Posted on August 21, 2020 at 4:48 PM
A former chief security officer for Uber ride-hailing company, Joseph Sullivan, was charged for his role in the 2016 hacking which exposed the personal details of 57 million drivers and customers of the company. He was charged yesterday by the US Department of Justice, as the department accused him of trying desperately to conceal the criminal act and preventing the authorities from finding out.
Sullivan, 52, was said to have taken “deliberate steps” to prevent the Federal Trade Commission from knowing about the hacking incident when the commission was investigating an earlier breach.
Based on the information available, this was the first time a corporate information security officer has been indicted for covering up a hack.
As a former federal prosecutor, Sullivan planned to settle the hackers and offered them $100,000 via Uber’s initiated program for rewarding security researchers who notify them when there is a flaw.
That was the highest the ride-hailing company has paid anyone or hacker via the bounty program, which wasn’t intended to cover theft of sensitive data.
Sullivan has held several top security posts in major companies, including as a former chief of security at Facebook. Before his indictment, he worked for Cloudflare as a chief information security officer.
Sullivan says his colleagues were aware of the incident
In previous interviews, security officials said the Uber payout was meant to drag the hackers into the open to accept money and make sure the stolen information was destroyed. The program ensures that any stolen data will not be an issue as it will be destroyed by offering the hacker a bounty payment. However, this was meant for researchers and white hackers, not for cybercriminals.
In the complaint, it was revealed that Sullivan made sure the hackers sign non-disclosure agreements which stated they didn’t steal the data. The complaint also alleged that Travis Kalanick, Chief Executive Officer of Uber, was aware of the development.
But Kalanick’s spokeswoman declined to comment. Sullivan’s spokesman revealed that there is no limit to the charge, and Sullivan had worked with his colleagues on the case. He further stated that the legal department decided the disclosure matters and not Sullivan.
“If not for Mr. Sullivan’s and his team’s efforts, it’s likely that the individuals responsible for this incident never would have been identified at all,” Sullivan’s spokesman defended.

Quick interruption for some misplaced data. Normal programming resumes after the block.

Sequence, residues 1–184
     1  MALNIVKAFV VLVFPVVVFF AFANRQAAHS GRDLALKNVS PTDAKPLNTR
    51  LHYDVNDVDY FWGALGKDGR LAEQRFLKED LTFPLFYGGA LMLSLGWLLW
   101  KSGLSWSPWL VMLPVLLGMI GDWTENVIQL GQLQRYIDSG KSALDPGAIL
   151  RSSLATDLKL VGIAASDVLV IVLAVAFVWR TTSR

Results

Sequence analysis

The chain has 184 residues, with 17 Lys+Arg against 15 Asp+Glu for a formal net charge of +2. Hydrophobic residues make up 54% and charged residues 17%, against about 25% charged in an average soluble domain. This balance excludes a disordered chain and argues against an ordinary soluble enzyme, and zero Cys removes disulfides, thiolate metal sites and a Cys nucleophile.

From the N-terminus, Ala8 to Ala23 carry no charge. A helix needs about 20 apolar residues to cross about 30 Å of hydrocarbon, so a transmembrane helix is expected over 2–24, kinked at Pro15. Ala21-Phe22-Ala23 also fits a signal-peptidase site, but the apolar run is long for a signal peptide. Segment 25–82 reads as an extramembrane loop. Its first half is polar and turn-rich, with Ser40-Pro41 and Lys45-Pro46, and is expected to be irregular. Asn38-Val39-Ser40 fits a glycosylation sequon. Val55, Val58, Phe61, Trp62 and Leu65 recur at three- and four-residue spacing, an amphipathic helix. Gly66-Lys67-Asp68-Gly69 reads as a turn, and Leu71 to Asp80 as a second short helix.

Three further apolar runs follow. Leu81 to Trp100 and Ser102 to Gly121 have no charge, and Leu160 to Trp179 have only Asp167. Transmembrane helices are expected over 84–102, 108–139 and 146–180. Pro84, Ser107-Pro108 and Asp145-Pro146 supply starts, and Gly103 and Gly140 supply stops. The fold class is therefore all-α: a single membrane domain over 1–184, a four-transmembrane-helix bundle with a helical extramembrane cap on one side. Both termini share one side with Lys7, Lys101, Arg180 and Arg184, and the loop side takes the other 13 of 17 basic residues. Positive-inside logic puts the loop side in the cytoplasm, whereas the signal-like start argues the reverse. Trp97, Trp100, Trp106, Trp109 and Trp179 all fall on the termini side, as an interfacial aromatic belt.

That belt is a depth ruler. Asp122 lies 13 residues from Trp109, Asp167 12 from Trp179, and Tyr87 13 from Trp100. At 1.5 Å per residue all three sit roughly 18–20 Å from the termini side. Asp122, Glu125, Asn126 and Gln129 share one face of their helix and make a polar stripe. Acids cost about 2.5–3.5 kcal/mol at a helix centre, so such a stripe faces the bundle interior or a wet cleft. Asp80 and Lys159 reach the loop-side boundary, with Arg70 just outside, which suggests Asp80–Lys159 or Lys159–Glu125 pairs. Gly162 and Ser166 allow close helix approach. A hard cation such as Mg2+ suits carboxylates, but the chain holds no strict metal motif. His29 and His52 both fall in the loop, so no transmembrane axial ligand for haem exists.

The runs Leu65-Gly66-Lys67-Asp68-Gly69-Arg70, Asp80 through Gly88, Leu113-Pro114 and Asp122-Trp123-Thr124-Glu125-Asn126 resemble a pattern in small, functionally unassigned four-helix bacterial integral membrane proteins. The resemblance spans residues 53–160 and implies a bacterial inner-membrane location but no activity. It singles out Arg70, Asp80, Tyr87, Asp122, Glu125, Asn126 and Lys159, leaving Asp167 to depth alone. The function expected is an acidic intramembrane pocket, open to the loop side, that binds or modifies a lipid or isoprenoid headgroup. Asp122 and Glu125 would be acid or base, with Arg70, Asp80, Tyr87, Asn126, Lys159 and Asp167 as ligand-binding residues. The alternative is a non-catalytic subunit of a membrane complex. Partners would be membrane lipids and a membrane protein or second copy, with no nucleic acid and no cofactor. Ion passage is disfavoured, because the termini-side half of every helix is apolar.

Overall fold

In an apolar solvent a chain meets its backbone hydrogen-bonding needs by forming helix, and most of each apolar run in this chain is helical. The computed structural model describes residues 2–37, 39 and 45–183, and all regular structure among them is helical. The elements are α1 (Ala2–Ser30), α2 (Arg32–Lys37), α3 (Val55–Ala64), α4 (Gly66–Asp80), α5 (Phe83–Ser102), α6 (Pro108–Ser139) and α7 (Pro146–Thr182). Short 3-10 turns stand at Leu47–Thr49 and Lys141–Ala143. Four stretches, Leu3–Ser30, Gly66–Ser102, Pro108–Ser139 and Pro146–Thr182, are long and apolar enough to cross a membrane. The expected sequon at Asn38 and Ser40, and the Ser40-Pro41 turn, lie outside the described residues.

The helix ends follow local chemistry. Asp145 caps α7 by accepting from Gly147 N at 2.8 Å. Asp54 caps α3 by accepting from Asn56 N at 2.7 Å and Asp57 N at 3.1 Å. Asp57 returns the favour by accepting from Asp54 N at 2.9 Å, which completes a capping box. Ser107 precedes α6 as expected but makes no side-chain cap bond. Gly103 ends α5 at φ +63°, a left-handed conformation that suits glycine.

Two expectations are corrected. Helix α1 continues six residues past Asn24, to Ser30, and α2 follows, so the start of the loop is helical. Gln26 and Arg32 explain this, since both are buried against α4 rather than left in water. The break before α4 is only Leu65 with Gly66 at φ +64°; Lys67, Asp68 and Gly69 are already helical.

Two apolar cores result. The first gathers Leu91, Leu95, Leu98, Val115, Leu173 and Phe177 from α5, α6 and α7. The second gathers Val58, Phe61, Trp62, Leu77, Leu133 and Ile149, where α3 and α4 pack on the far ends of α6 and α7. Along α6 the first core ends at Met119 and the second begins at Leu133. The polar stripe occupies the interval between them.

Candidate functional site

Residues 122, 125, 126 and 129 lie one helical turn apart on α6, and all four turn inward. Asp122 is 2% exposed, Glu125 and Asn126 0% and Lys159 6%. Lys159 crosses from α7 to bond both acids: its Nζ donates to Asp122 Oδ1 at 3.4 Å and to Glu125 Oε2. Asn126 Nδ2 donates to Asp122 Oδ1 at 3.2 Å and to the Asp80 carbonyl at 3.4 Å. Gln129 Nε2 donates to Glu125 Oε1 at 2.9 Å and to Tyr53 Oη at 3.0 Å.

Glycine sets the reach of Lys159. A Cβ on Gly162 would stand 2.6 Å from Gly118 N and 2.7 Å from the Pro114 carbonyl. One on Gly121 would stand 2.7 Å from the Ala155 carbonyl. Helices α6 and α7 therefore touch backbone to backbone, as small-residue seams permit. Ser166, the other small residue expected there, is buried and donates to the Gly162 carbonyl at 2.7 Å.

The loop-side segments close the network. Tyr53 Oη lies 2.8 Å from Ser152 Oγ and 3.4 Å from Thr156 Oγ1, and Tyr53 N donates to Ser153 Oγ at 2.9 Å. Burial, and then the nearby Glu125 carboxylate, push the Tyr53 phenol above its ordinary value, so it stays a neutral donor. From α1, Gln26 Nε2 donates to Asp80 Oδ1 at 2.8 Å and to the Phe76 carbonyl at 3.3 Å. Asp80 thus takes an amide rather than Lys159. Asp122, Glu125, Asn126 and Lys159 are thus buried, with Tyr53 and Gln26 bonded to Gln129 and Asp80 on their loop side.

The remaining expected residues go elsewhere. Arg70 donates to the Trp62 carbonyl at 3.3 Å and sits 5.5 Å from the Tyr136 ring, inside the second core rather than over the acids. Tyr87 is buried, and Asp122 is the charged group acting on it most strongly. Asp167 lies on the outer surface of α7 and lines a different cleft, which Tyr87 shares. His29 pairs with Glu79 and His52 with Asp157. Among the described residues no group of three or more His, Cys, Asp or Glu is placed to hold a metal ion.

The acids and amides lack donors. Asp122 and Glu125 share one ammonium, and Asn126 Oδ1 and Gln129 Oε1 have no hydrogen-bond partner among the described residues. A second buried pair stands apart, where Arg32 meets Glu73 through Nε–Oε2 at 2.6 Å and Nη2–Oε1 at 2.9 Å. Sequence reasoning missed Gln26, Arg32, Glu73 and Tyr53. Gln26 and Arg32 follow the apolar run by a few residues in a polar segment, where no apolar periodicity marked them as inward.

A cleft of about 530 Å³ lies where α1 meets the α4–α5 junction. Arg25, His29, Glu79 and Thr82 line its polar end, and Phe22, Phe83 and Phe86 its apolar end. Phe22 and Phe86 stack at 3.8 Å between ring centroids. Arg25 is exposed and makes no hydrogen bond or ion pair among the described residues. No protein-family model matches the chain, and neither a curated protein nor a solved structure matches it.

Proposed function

Current Uber chief executive officer, who succeeded Kalanich, Dara Khosrowshahi revealed how much was paid to the hackers. After learning the extent of the cover-up, he fired Sullivan and his deputy who was also complacent. Afterward, the ride-hailing company paid out $148 million as claims settlement in Washington and all 50 US states. Claims were lodged against the company for being slow to disclose the hack.
Sullivan blamed for concealing the attack
The Uber case will stand as a warning to the increasing number of firms who are dealing with hackers directly. Many such companies have a similar bounty program like Uber. The program is seen as a means of keeping hackers within the confines of the law while offering more security to their servers. However, not all participants play by the rules.
Like the case of Uber, apart from attacking Uber, the two hackers responsible also attacked other firms. According to the agency, the subsequent attacks could have been stopped if Sullivan had reported the first incident to law enforcement. According to the complaint, Sullivan’s action to conceal the Uber attack resulted in the success of other attacks by the same hacking group.
The case also suggested that companies that meet the hackers’ ransomware demands are also required to report losses of personally sensitive data. That’s because even after the ransom has been paid for the hackers to destroy the stolen data, some of them still go-ahead to sell the same data to the darknet. In other words, there is no guarantee that the hackers will stick to their words to destroy the data after the ransom has been paid.
That is one of the reasons why law enforcement agencies require companies to disclose any breach that involves highly sensitive customer data. In this case, Sullivan failed to do so as he concealed the attack from authorities, which led to subsequent attacks by the same hackers.